One of the best benefits of getting to know these two frameworks is that it prepares you for an audit by allowing you to familiarize yourself with the language. Chances are very good that the IT auditors are going to approach your organization with one or both of those frameworks tucked under their arm. So understanding them can save a lot of money during the actual audit – and with any penalties that might come from a failure. So … the cost  of getting to know Cobit or ITIL? It depends on how much of an independent studier you are. Knowing the test questions before they are asked?  Priceless!

Whatever framework or guidebook the auditors are using, there are some elements to an IT audit that are immutable.  Larger companies have their own internal audit team. This team stays on top of the ongoing compliance and puts IT through what you might think of as practice tests. The key difference between and internal and an external audit is that an internal auditor can tell you what they want to see. The external auditors arrive with white gloves and tight lips.

In either case you will be asked to demonstrate the controls that you have in place.  So let’s break those controls down into some broad categories. First breakdown: preventive controls and detective controls.  A preventive control may be something like a password which prevents unauthorized access, where a detective control may be an audit log of user access.  These both address the same question, “Who has access?”

Of particular interest will be who can access and modify the software and data on a production server. You will be expected to have written policies, IT general controls (things like passwords) and, where possible, application controls. Whether handled procedurally or through an application, the key questions are: How is software change handled? Who can ask for a change? Who can authorize it, who can make the change? Then how is it accepted/signed off and who actually delivers it? How is it delivered? A common ‘detective control’ is the auditors invariable request is for a report of what has been delivered within a timeframe and user access logs.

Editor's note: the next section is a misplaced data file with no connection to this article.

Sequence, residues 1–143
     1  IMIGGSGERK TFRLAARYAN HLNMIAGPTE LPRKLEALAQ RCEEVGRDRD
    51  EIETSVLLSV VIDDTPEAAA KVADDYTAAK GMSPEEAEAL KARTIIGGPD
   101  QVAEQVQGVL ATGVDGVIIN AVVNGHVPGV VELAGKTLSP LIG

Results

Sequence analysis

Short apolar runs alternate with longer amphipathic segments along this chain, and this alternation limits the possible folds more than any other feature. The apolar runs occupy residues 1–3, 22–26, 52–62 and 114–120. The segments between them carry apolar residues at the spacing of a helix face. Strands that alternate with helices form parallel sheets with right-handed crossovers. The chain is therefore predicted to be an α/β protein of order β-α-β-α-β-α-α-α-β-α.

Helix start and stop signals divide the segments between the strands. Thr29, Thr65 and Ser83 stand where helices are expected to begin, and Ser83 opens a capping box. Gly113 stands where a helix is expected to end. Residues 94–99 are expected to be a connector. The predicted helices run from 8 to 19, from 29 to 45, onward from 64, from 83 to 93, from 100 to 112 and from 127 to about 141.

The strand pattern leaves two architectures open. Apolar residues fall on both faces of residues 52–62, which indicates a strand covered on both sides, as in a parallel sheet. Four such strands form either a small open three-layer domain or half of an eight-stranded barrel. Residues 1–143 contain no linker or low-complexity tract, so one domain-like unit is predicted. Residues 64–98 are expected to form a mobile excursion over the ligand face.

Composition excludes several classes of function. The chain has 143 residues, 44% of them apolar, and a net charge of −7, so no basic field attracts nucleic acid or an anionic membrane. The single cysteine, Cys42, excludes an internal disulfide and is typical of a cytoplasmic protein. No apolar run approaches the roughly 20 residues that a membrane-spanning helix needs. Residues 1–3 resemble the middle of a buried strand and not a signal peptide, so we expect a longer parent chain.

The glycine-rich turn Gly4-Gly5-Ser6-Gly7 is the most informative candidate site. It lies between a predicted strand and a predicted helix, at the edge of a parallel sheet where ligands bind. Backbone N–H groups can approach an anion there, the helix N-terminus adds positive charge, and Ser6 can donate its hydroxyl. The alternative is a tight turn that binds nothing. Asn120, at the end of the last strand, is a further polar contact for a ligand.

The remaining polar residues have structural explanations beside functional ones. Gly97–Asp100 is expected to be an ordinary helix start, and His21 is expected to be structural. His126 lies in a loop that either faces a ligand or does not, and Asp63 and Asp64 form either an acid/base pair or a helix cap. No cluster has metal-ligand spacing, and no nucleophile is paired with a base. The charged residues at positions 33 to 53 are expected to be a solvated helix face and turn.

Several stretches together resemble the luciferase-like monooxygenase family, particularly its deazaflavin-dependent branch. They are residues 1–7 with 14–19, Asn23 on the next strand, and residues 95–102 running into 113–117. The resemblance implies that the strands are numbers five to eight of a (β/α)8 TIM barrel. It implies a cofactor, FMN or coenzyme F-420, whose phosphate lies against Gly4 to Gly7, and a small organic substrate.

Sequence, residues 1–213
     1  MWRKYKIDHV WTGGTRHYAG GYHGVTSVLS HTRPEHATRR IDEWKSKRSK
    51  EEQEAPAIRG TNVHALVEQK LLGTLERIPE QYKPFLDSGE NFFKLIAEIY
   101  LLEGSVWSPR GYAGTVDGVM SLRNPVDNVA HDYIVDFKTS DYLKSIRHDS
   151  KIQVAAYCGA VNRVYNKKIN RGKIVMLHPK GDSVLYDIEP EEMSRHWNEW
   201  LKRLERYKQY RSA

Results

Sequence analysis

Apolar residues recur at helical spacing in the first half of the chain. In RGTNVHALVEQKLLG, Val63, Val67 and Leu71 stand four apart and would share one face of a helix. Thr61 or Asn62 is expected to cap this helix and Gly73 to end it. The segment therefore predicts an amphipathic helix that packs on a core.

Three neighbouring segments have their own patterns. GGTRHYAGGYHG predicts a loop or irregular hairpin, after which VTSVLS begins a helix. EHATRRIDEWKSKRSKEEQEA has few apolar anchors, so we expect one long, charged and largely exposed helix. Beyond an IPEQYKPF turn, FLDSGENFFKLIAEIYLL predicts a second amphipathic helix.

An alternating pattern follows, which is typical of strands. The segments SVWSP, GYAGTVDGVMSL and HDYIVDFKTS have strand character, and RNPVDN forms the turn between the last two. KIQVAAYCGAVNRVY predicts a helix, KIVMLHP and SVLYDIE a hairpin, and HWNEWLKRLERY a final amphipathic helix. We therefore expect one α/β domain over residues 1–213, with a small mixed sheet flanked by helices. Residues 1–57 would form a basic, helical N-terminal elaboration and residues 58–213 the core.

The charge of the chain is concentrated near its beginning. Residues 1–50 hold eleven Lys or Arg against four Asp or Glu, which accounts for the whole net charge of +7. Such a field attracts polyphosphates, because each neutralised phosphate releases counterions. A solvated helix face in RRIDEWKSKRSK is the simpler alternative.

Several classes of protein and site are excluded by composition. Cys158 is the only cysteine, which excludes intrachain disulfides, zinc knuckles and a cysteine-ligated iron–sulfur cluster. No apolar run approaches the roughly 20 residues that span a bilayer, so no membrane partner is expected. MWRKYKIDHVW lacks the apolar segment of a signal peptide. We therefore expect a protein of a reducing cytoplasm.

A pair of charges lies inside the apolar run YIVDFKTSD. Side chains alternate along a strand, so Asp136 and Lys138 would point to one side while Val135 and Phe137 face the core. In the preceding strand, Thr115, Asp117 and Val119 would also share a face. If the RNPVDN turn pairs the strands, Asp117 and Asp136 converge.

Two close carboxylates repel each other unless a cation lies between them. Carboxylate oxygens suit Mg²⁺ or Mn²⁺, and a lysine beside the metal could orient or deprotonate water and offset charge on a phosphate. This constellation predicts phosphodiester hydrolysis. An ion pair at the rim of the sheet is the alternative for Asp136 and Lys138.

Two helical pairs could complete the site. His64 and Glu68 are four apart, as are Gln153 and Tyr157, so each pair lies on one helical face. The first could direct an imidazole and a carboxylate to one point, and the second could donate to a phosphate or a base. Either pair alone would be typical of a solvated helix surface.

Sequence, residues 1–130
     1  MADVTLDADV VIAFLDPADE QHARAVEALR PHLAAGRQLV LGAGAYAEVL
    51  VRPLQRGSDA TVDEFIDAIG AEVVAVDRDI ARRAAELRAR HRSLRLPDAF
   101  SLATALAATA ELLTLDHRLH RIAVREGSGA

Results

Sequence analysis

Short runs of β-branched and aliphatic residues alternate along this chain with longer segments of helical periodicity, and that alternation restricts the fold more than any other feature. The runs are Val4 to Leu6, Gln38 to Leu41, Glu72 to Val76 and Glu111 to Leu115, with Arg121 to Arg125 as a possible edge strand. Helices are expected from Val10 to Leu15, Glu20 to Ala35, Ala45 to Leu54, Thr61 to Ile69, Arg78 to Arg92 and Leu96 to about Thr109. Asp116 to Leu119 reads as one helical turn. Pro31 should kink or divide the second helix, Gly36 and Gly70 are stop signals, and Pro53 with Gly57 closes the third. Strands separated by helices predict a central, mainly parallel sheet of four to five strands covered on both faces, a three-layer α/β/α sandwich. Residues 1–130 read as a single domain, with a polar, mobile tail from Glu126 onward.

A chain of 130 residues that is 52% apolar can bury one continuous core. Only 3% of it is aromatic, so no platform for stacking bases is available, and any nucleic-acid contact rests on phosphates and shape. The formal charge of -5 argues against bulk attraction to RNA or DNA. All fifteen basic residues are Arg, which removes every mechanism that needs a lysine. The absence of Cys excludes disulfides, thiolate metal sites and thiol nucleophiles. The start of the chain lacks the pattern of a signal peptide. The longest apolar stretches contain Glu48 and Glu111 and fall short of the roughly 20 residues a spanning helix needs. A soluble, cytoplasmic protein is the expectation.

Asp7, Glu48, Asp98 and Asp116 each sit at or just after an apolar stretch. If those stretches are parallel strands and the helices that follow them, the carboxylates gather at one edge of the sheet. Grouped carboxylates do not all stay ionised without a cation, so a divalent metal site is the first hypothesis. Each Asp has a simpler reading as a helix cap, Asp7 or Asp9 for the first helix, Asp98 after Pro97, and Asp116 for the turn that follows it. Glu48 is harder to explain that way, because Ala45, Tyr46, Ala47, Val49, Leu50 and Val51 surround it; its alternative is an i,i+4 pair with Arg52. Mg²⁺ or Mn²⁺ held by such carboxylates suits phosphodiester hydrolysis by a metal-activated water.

Another way to break-down controls is into automated or manual.   Manual controls are policies – rules – that you follow. Because they rely on humans to follow rules, manual controls are audited more frequently and each audit will require a wider sample of evidence. You will likely be asked to show evidence of the last twenty-five times something was done according to the rules. And when the auditors come back in six months or a year, they will have you show them that again. Every time. Once you automate the control you will be asked to demonstrate a failed attempt (when you shouldn’t be allowed to do a thing and it stops you) and a successful attempt (you followed the rules and were able to do what you needed to do). And then you won’t be asked to demonstrate that control again until it changes!  You can see how audits will get drastically less expensive the more you automate.

Now we’ve talked about some of the specific legislation, their common underlying IT Governance requirements, the two widely accepted frameworks for guidance and how that guidance specifically deals in controls.  In the next installment we will talk more specifically about trouble areas and realizing the benefits from your effort.